Day by day, the children deepen their appreciation for the horses, guiding them on leads with halters (Sara never uses a bit), grooming them, tending to any wounds, feeding them carrots or handfuls of hay, molding their own horses from clay, and learning to understand how horses think and feel and how human behavior affects them.

“Where is the riding?” you might be asking. It is actually a special time reserved for the end of the day. The children ride one at a time on a soft pad, led by Sara or one of her two lovely assistants. Eva even got to canter for the first time, with Sara running along, huffing and puffing!

But this is not a riding camp, per se. It is so much more. When Eva arrived, she was tentative around the horses, around Sara, around these unfamiliar grounds. By the end of the first week, she was marching around (with quiet feet, of course, so as not to startle the horses), directing any newcomers, getting bits of hay and feeding it to her favorites, or just having a tete-a-tete with Hank or Diva. From her posture to how she discussed her various opinions with Sara or relayed the day’s events at home, her confidence, not just as a “camper,” but as a little person, was deepening and growing every day as her bonds with the horses grew stronger. She and all the friends she made there shared a beautiful and fun adventure none of these children will forget any time soon.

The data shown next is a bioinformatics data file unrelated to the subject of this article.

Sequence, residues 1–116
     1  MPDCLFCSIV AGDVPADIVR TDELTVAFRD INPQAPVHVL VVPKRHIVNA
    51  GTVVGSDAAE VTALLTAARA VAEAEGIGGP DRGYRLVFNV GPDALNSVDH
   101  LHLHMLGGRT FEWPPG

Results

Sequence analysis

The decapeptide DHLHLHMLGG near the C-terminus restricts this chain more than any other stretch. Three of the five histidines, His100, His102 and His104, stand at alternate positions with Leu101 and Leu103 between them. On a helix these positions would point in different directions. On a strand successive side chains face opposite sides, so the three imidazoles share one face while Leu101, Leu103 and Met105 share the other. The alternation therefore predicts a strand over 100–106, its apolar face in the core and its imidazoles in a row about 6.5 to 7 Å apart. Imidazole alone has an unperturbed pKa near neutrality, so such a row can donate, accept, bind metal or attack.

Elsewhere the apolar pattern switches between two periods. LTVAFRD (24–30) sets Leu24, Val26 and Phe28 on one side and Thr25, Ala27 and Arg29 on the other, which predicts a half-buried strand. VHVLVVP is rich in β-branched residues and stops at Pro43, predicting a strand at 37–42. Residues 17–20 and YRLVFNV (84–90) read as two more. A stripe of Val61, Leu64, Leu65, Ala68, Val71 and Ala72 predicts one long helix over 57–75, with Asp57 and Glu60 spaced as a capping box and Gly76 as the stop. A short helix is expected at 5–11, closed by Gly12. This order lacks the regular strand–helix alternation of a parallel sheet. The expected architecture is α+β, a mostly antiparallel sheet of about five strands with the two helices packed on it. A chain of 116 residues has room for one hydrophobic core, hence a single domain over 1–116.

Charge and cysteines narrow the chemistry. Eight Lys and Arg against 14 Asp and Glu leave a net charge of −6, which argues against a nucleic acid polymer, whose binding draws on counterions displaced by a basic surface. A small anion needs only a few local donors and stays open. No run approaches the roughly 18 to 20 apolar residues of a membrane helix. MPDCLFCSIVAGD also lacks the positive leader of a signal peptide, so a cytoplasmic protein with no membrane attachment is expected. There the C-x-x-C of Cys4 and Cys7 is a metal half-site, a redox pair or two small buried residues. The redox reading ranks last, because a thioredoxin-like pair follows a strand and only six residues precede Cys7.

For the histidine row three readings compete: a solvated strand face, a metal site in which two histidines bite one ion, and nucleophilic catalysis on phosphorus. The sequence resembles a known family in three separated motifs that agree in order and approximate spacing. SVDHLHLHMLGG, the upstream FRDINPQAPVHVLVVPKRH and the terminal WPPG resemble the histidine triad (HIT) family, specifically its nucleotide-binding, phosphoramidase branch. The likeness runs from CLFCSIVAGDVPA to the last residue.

One very funny coincidence that topped it all off for Eva specifically was that Sara has a rescued chihuahua mix named Minnie…and so do we! Here are the two Minnies with our Minnie on the right! This delighted Eva and the other children to no end!

I can’t say enough to recommend the Silver Horse Healing Ranch‘s children’s programs. What a natural way to spend the day, what a relaxed way to spend the summer, what a very special experience that will touch my daughter for a lifetime. We will be back for more!

Thank you for reading!
Rebecca Varon aka Nushkie!

4 thoughts on “Horse Mentorship Camp…Thumbs UP!

  1. What an amazing way to learn along side horses. I would love to be able to do one of these camps myself. Thank you for sharing such a beautiful story.

  2. This is such a beautiful post, Rebecca! Thank you for sharing about this experience.

  3. Such a lovely post and one lucky little girl, you have inspired me to look for something like this for my own kids!!

  4. There are so many abused animals around. What a great way to save them and teach kids at the same time!